April 11, 2002

 

Baby with the Bathwater

reviewed by
Matt Cosper

 

 

 

 

 

 

 

 

 

 

 

 

 

 

 

 

 

 

 

 

 

 

 

 

 

 

 

For more about Matt Cosper, please visit his main page.

Baby with the Bathwater, at Triad Stage this week in Greensboro, is proof that there are good playwrights and directors left in this world... and that actors are a lazy, contemptible lot... ok, just kidding, sort of. I was impressed with my first encounter with Triad Stage, and a professional production of a Durang play, but with some reservations. Don't get me wrong. This is a good production of an excellent satire on the American family. It's directed with panache and real heart, has a design concept that supports the production without imposing on it, and has some moments of real, quality acting. But, when the other elements of a production are so uniformly excellent, mediocre acting sticks out like a sore thumb. With the exceptions of Blair Sams in the role of neurotic mommy Helen, and gate city local Steve Roten as the gender confused, chronically depressed Daisy, the acting in this piece is all surface shine with no underlying substance and even a few scratches on that surface.

Let's wait a little while for the unpleasant stuff, and cover the many excellent facets of the production. The renovated Montgomery Ward building in downtown Greensboro that Triad Stage inhabits is a beautiful space. It is used well for the most part, with all areas of the ample open floor space being utilized, as well as the super-neato adjustable thrust stage. The set design marries realism, suggestive elements, and downright surreal touches effectively, inviting us into relatively normal apartment living rooms, only to unleash a rain of plush toys from the ceiling. The evening is full of such surprises. We are introduced to an apparently normal situation and then jolted by a quick splash of the surreal. This is an apt visual and sensory metaphor. Director K. Elizabeth Stevens matches this with an intuitive feeling for pace, a real understanding of Durang's deranged, quick-change style, and a striking a-symmetrical visual sense - a winning combo. The evening is a must-see simply for Steven's beautiful handling of the play's ending: an unexpectedly poignant moment at the end of an irreverent stomping.

One senses from the style that a real talent is at the helm, but something isn't quite right. The lightning fast changes the characters make require 100% emotional commitment, especially as the absurdity mounts to a fever pitch, and reason, it seems, has flown out the window. Hereís the thing: for that kind of superstylized, feverish humor to sell, the characters must be invested completely in the utter reality, and seriousness of their situation. I never believed it. Sams and Roten are notable exceptions. Sams executes a tour de force transformation throughout the evening from mild obnoxiousness, to neurosis, to dementia, and finally into a heartbreaking shell, observed only in silhouette. Having seen Roten in The Rocky Horror Show, I knew to expect polish and style, but was surprised by the detail and subtle moment to moment playing in his work. Also impressive in his and Sams work was what seemed to be an... I know it may sound surprising... honest emotional connection! This was a welcome treat among the extended Woody Allen impressions, roaming dialects, and straight up empty ham that other cast members turned in. Interesting and innovative staging thatís executed in a manner that screams caricature: disappointing, to say the least.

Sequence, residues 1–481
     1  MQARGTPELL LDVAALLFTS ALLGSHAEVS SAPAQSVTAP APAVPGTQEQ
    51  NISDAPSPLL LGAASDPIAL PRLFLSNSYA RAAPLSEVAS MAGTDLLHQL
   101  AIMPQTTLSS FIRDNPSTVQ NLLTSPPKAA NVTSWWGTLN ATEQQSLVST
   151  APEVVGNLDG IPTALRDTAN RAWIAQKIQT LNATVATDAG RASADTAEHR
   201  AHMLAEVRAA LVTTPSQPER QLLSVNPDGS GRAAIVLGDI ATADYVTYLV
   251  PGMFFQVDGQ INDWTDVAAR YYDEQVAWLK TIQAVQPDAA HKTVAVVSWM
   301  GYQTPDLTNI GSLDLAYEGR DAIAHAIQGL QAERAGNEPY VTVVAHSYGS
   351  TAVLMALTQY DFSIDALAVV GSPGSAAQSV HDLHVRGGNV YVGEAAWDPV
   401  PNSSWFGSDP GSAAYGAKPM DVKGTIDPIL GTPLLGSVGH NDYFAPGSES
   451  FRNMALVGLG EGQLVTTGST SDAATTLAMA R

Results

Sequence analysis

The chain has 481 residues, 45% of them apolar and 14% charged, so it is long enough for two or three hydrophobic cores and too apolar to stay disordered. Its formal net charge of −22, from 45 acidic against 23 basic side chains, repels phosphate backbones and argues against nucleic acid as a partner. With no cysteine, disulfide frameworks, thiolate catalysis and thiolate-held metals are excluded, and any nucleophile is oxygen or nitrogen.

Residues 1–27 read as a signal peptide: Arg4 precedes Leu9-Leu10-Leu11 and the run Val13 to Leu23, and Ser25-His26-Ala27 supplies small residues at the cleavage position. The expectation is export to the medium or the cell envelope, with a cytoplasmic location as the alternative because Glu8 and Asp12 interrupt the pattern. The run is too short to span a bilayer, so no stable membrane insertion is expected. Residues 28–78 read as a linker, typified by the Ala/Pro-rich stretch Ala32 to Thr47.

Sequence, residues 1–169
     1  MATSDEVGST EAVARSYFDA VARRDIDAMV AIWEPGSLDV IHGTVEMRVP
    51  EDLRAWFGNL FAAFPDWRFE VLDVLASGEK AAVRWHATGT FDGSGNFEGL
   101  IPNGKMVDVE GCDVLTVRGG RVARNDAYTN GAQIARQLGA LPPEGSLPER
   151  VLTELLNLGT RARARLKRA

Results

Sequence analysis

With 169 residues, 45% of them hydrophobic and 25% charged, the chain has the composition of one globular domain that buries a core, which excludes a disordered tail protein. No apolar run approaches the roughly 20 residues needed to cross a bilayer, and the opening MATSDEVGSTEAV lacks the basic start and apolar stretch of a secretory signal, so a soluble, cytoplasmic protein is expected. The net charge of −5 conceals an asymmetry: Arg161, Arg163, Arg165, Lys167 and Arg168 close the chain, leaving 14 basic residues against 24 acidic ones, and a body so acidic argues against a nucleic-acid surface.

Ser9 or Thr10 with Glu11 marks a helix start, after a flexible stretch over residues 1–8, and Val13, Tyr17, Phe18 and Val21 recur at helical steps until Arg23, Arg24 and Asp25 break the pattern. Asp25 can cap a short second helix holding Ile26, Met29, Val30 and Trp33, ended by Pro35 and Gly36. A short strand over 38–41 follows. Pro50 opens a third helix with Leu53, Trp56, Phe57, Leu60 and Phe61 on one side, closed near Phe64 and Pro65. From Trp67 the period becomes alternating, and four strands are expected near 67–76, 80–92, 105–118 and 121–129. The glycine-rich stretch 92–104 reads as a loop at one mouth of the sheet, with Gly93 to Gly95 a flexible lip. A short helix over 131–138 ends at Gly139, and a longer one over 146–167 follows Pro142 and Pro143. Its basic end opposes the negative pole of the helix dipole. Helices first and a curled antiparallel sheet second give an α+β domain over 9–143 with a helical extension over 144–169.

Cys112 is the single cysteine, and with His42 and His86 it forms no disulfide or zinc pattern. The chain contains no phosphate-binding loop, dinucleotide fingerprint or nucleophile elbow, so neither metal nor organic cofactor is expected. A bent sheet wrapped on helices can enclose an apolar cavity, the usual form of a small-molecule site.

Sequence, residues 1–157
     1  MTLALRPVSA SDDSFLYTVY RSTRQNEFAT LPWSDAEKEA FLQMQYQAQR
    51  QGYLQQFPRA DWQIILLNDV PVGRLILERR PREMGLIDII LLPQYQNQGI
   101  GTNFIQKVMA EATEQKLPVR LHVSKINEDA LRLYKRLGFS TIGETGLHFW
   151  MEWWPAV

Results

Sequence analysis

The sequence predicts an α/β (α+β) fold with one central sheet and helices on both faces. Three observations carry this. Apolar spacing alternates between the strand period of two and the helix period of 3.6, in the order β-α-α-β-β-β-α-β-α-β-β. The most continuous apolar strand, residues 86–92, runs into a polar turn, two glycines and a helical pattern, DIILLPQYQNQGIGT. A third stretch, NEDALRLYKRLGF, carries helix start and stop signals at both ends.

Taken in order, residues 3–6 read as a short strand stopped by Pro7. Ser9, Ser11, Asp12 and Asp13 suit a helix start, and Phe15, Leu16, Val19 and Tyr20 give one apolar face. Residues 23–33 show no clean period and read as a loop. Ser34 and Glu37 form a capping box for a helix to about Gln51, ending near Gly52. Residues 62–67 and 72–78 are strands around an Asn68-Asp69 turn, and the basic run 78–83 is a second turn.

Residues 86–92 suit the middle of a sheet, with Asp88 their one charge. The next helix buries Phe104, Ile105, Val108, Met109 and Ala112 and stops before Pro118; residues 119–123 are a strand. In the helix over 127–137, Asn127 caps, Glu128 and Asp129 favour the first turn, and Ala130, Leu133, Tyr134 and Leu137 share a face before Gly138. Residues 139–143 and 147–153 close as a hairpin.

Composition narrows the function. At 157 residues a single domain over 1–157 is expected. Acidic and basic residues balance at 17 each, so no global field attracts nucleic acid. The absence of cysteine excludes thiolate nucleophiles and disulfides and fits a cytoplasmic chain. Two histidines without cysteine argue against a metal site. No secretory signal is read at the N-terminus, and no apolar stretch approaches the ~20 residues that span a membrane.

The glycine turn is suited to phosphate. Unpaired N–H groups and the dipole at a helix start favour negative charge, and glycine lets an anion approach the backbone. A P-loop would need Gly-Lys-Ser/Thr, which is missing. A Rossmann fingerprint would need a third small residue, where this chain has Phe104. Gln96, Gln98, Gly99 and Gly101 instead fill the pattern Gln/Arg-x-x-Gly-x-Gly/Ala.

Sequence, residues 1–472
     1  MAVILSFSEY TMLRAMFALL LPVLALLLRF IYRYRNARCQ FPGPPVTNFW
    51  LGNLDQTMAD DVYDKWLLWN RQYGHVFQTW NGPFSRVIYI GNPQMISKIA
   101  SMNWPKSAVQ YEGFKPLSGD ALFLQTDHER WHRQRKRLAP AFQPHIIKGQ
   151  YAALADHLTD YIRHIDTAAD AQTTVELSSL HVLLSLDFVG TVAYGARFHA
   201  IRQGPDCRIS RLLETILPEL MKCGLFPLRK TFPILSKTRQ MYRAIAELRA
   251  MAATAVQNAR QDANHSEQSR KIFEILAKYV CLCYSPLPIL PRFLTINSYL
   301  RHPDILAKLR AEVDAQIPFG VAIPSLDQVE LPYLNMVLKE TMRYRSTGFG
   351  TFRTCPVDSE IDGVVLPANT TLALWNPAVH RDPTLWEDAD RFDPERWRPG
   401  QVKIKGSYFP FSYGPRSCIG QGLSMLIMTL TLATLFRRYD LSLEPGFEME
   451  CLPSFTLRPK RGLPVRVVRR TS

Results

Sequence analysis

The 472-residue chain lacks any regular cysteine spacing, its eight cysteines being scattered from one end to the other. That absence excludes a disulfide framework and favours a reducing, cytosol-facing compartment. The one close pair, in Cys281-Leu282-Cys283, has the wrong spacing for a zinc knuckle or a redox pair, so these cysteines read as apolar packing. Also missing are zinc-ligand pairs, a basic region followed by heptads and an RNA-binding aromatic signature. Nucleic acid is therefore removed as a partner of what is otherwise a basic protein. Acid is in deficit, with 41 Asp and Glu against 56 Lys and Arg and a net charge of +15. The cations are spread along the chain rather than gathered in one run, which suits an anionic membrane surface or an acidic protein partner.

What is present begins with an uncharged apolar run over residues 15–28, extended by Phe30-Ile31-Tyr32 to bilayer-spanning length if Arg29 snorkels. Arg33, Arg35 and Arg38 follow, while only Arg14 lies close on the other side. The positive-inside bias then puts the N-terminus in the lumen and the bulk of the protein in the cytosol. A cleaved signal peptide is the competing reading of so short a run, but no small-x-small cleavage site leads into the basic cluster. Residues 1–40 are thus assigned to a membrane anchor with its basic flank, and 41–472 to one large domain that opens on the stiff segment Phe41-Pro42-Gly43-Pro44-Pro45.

Beyond all that, Durang is a brilliant writer, and his work is hard to mangle. Luckily we have a talented director, an excellent design team, and a few rays of hope among the actors to make this a worthwhile, bitingly funny, and ultimately touching look at family. We are offered a twisted look into that most primal of things... the family. Family is what has the first and most lasting influence on us, it behooves us to question the family unit, our own experience with it, and how we can escape the often damaging effects it can have. Triad Stage is fulfilling the place any quality regional theatre should: it gives us the chance (until April 21st) to examine these human issues, and it gives it to us with humor and style.

Matt Cosper, April 11, 2002

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